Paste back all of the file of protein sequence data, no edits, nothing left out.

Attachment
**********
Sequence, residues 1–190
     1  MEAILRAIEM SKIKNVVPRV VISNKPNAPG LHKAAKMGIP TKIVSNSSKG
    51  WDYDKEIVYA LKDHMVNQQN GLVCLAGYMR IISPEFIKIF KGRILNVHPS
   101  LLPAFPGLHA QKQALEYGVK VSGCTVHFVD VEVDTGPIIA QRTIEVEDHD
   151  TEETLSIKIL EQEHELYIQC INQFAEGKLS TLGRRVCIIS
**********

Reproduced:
Sequence, residues 1–190
     1  MEAILRAIEM SKIKNVVPRV VISNKPNAPG LHKAAKMGIP TKIVSNSSKG
    51  WDYDKEIVYA LKDHMVNQQN GLVCLAGYMR IISPEFIKIF KGRILNVHPS
   101  LLPAFPGLHA QKQALEYGVK VSGCTVHFVD VEVDTGPIIA QRTIEVEDHD
   151  TEETLSIKIL EQEHELYIQC INQFAEGKLS TLGRRVCIIS